The statements come as some countries begin to ease restrictions that have stalled economies across the region.
FOOD INSECURITY TO ESCALATE
According to WFP, the socioeconomic impact of the pandemic may potentially leave nearly 14 million people in severe food insecurity in 2020, a four-fold rise from 3.4 million food-insecure people in 2019.
Potential increases include 1.6 million people in Haiti, up from 700,000; more than 1 million Venezuelan migrants and refugees in Colombia, Ecuador and Peru, up from 540,000; and nearly 3 million people in the Central American Dry Corridor communities, up from 1.6 million people.
WFP also estimates that an additional 10 million people may fall into poverty.
DONORS CONFERENCE FOR VENEZUELAN REFUGEES & MIGRANTS
Spain and the European Union, with support from UNHCR and IOM, hosted an International Donor’s Conference for Venezuelan refugees and migrants facing increased challenges due to the pandemic.
Per a joint statement, partners and donor countries have pledged a total of US$2.8 billion to support response for 4 million displaced Venezuelans.
Funding will back socio-economic integration, support host communities, and strengthen basic services and food and nutrition security
CENTRAL AMERICA & MEXICO: COVID-19
17.2% LOSS IN REMITTANCES TO GUATEMALA (JAN-APR 2020)
4.8% POTENTIAL INCREASE IN PEOPLE LIVING IN EXTREME POVERTY IN MEXICO BY END OF 2020
Guatemala reported a 17.2 per cent loss in remittances in April compared to January. The decrease in remittances, which have accounted for US$10.4 billion as recently as 2019, can partly be attributed to the United States reporting 20.5 million jobs lost in April 2020 for an unemployment rate of 14.7 per cent, their highest rate on record.
Analysts say that this decrease poses a greater risk for rural territories with a higher reliance on remittances, as they may slide further into poverty.
The UN Economic Commission on Latin America and the Caribbean (ECLAC) reports that COVID-19 may cause Mexico to have 4.8 per cent more people living in extreme poverty by the end of 2020.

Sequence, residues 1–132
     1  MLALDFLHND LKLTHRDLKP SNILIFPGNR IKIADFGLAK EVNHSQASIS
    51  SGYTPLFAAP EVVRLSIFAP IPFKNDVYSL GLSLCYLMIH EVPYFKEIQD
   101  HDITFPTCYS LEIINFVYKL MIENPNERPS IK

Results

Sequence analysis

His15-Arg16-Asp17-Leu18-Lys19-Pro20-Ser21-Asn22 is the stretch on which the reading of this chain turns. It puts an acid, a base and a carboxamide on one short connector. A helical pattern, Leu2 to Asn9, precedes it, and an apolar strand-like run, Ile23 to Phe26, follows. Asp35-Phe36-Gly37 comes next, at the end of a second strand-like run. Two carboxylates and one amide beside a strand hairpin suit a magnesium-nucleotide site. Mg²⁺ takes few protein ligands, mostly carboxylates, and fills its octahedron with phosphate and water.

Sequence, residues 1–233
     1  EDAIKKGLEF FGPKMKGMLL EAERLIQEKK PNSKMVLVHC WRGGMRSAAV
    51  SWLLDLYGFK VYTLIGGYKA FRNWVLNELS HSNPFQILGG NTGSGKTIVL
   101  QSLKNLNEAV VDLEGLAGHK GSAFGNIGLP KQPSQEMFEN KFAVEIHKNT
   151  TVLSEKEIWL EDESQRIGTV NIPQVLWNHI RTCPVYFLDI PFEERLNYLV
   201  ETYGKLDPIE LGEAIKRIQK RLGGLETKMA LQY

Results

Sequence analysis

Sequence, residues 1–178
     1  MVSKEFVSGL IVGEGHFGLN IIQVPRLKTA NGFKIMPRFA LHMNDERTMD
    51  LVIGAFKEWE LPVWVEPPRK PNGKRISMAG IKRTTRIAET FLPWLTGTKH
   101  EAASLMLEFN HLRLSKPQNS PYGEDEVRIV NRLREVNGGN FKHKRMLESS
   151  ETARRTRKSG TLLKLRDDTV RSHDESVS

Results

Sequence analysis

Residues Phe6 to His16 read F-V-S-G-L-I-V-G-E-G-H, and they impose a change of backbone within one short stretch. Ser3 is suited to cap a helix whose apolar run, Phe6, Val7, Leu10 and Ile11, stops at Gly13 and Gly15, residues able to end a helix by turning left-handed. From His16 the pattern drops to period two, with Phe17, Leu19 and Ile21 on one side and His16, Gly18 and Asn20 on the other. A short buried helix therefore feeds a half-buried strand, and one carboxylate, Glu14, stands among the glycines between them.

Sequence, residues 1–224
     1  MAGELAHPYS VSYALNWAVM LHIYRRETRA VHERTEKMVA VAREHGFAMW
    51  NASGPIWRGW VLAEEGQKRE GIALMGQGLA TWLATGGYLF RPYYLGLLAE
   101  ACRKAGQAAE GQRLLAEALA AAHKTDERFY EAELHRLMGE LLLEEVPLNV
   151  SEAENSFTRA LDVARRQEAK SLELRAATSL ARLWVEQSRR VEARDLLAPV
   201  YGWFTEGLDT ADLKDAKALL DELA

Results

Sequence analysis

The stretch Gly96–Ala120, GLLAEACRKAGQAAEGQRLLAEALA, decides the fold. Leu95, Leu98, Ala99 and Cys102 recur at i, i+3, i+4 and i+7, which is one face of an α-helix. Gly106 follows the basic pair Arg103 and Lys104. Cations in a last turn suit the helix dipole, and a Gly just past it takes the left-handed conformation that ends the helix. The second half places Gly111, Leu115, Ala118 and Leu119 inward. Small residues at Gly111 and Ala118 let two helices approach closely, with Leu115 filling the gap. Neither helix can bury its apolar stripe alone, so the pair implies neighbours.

This rise would increase the poverty rate to 5.9 per cent, the second highest rate in Latin America behind only Argentina, and placing Mexico as one of the five countries in the region where the pandemic stands to create the most increases in inequality.
SOUTH AMERICA: COVID-19
90%+ OF COLOMBIANS AND VENEZUELANS IN ECUADOR CITE FOOD ACCESS AS MAIN NEED
$2M ALLOCATED BY WFP TO SUPPORT RESPONSE EFFORTS IN PERU
According to a survey from the UN in Ecuador and the R4V Response for Venezuelans platform, nearly all surveyed migrants and refugees from Colombia (92 per cent) and Venezuela (94 per cent) cite food access as their primary need amid the pandemic.
Half of each group say they are struggling with employment or means of income. Between 20 and 26 per cent say they have not been able to access medical assistance.
The Ministry of Foreign Affairs announced that WFP will provide US$2 million in humanitarian assistance for vulnerable population, including refugees and migrants affected by economic impact of the pandemic.
Some $1.5 million of this contribution will go towards cash transfer programmes, while the remaining $500,000 will go towards strengthening Government efforts to improve the humanitarian logistics chain.
$3.8M ALLOCATED BY DFID TO SUPPORT PAHO/WHO RESPONSE IN THE CARIBBEAN
The United Kingdom’s Department for International Development (DFID) provided US$3.8 million to PAHO/WHO to help eight countries contain and mitigate the spread and impact of COVID-19 by bolstering national health system response capacity. These funds will support the implementation of a six-month project covering Antigua and Barbuda, Belize,
Dominica, Grenada, Guyana, Jamaica, Saint Lucia, and Saint Vincent and the Grenadines.
- UN Office for the Coordination of Humanitarian Affairs
- To learn more about OCHA's activities, please visit https://www.unocha.org/.